Chinese Residents of Guangzhou Largely Prevented from Leaving Amid Delta COVID Outbreak

An outbreak of COVID-19 tearing through Guangzhou, China, in recent days has prompted officials to quarantine residents, who cannot leave unless they can demonstrate emergency need.

Even those permitted to leave must test negative for the virus within 48 hours of departure, according to new rules issued by the local government that took effect Monday. Anyone seeking to leave the surrounding province of Guangdong must also adhere to the guidelines.

Local officials are also restricting indoor dining, conducting mass testing and banning residents in virus hotspots from leaving their homes. Two districts in the city of 18 million are completely closed off. The variant causing the Guangzhou outbreak has been identified as the delta variant that originated in India and is said to be more infectious due to delayed symptoms.

Guangzhou reported another four locally transmitted cases in the 24 hours leading to Monday morning, bringing the total to more than 100 since May 21. The city has yet to report any deaths from the latest outbreak.

For more reporting from the Associated Press, see below.

A resident gets tested for coronavirus in the Liwan District in Guangzhou in southern China's Guangdong province on May 26, 2021. The southern Chinese city of Guangzhou shut down a neighborhood and ordered its residents to stay home on May 29 for door-to-door coronavirus testing following an increase in infections that has rattled authorities. AP Photo/AP Photo

Okinawa is closing schools

Japan's southernmost prefecture of Okinawa is closing many schools to contain the nation's worst per capita rate of coronavirus infections.

Gov. Denny Tamaki said closing schools could curb the spread since roughly one in three cases were among people younger than 30.

Primary and secondary schools in 22 hotspot towns on Okinawa will be closed until June 20. The island and nine other regions of Japan are under a state of emergency, but Okinawa's infections have been near record-highs and hospital beds are occupied at almost full capacity.

Okinawa's health experts have indicated that an influx of tourists during the early May holiday week triggered the surge, which raises further concerns about how the Tokyo Olympics might affect Japan's virus situation. The Games are all but certain to be held, despite discouragement from medical professionals and opposition by the Japanese public.

Across Japan, daily infections stand between 2,000 and 3,000 in the past few days, down from the recent peak of over 7,000 in early May. More than 13,000 have died of COVID-19 in the country, three-quarters of which happened this year.
Japan has so far fully vaccinated about 4 million people or 3% of its population.

AstraZeneca rollout in Thailand

Health authorities in Thailand began their much-anticipated mass rollout of locally produced AstraZeneca vaccines on Monday, but it appeared that supplies were falling short of demand.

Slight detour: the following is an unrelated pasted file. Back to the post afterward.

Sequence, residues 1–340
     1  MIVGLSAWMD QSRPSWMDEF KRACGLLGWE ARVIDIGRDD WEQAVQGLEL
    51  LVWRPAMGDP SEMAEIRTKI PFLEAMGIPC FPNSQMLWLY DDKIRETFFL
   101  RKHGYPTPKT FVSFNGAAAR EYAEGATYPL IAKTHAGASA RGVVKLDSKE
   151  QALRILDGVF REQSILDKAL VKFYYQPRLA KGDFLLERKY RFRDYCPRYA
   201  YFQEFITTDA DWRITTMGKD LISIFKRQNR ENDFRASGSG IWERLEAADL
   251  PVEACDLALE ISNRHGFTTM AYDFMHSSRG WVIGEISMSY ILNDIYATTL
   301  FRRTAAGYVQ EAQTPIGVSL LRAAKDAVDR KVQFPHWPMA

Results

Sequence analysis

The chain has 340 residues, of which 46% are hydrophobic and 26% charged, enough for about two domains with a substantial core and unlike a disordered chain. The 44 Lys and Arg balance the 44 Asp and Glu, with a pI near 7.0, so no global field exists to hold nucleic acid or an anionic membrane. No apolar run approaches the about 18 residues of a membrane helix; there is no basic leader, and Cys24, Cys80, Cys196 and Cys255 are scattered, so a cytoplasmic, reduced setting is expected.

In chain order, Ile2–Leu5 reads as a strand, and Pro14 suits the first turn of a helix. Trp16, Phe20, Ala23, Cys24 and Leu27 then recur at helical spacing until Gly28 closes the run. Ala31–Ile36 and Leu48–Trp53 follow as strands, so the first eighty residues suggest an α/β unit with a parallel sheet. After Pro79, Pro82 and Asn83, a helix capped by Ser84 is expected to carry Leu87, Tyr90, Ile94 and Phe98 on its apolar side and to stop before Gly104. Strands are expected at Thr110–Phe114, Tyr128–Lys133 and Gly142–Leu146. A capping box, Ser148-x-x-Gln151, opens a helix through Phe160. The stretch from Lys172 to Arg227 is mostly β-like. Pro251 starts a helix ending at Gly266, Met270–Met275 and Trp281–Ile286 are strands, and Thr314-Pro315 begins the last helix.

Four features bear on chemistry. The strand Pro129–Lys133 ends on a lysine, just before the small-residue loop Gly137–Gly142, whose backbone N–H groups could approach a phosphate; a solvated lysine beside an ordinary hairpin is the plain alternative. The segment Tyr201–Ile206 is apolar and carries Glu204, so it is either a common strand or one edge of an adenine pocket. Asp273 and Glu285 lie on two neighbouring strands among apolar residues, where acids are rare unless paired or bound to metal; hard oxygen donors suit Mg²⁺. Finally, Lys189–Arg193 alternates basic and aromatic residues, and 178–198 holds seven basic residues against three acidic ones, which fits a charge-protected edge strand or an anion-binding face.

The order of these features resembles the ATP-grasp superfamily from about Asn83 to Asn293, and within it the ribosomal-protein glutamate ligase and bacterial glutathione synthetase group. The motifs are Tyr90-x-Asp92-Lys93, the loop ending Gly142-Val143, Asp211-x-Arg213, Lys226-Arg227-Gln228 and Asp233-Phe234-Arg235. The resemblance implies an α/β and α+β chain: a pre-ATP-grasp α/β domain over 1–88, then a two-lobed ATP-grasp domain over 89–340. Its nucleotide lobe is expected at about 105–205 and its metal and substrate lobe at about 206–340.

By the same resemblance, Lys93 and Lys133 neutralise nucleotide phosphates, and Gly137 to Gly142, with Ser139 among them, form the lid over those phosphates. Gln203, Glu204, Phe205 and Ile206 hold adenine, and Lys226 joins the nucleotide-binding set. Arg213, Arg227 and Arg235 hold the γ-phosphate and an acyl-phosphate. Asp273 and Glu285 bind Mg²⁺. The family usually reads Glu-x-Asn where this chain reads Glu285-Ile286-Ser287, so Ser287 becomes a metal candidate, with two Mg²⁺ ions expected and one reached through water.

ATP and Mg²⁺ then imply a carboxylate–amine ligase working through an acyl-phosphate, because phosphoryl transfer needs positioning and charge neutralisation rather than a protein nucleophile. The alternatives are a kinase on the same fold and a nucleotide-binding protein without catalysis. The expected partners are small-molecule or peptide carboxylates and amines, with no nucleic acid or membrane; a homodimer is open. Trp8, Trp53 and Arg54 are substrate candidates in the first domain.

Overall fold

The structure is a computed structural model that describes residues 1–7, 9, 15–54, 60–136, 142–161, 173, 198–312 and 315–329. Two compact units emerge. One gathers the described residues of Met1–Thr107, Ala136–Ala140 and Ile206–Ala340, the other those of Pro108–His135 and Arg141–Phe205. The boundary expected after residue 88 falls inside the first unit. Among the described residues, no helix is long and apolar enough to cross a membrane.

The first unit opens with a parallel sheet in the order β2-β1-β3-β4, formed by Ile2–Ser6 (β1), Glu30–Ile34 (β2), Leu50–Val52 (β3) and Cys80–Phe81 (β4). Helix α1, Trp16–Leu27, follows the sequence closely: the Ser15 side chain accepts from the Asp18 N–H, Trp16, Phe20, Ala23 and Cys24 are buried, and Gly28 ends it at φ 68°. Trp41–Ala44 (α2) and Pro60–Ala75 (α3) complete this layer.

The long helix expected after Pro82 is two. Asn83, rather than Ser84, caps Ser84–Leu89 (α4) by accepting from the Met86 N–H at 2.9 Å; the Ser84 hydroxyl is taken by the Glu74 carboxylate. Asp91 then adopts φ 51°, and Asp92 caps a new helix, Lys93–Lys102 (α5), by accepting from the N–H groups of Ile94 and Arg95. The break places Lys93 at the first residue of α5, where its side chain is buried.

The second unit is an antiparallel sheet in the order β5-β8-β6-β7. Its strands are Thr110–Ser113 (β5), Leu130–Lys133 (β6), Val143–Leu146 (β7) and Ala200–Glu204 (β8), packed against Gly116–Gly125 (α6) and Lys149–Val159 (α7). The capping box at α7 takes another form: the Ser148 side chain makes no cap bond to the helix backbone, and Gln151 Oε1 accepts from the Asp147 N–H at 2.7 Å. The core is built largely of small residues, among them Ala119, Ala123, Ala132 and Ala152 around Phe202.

Hospitals have been posting notices for several days that some scheduled appointments would be delayed, adding to existing public skepticism about how many doses Siam Bioscience would be able to produce each month.

The government has said it will produce 6 million doses in June, then 10 million doses each month from July to November, and 5 million doses in December.

"The vaccines will be delivered as planned," Prime Minister Prayuth Chan-ocha told reporters Monday morning as he visited a vaccination station at an indoor stadium in the capital, Bangkok.

Prayuth's government has come under fierce criticism for failure to secure timely and sufficient vaccine supplies. It also face criticism for its reliance on Siam Bioscience, which is owned by the country's king and had no previous experience in vaccine production.

Prayuth said the Health Ministry had confirmed that vaccinations could begin Monday in every province.

India's phased lockdown easing

Businesses in two of India's largest cities were reopening Monday as part of a phased easing of lockdown measures in several states now that the number of new coronavirus infections in India is on a steady decline.

India's capital allowed businesses and shops to reopen with limited hours and the Delhi Metro, which serves New Delhi and adjoining areas, also resumed operations at 50% capacity. Last week, authorities in the capital allowed some manufacturing and construction activity to resume.

"Now the corona situation is under control. The economy must be brought back on track," New Delhi's chief minister, Arvind Kejriwal, told reporters on Sunday.

The strict lockdown measures had been in place since April at the start of a devastating surge in infections that lasted well into May and overwhelmed health care facilities in many parts of the country.

Some health experts fear the restrictions are being eased too soon and there are concerns that the virus is still spreading unchecked through India's villages, where testing and medical care are limited.

Kejriwal warned that any new surge in infections could be more severe and said the administration will build new oxygen-production facilities and expand the capacity of intensive-care units.

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Thai Vax
A nurse administers a dose of the AstraZeneca COVID-19 vaccine at the Narathiwat Hospital compound in the southern province of Narathiwat on June 7, 2021, as mass vaccination rollouts begin in Thailand. MADAREE TOHLALA/AFP/Getty Images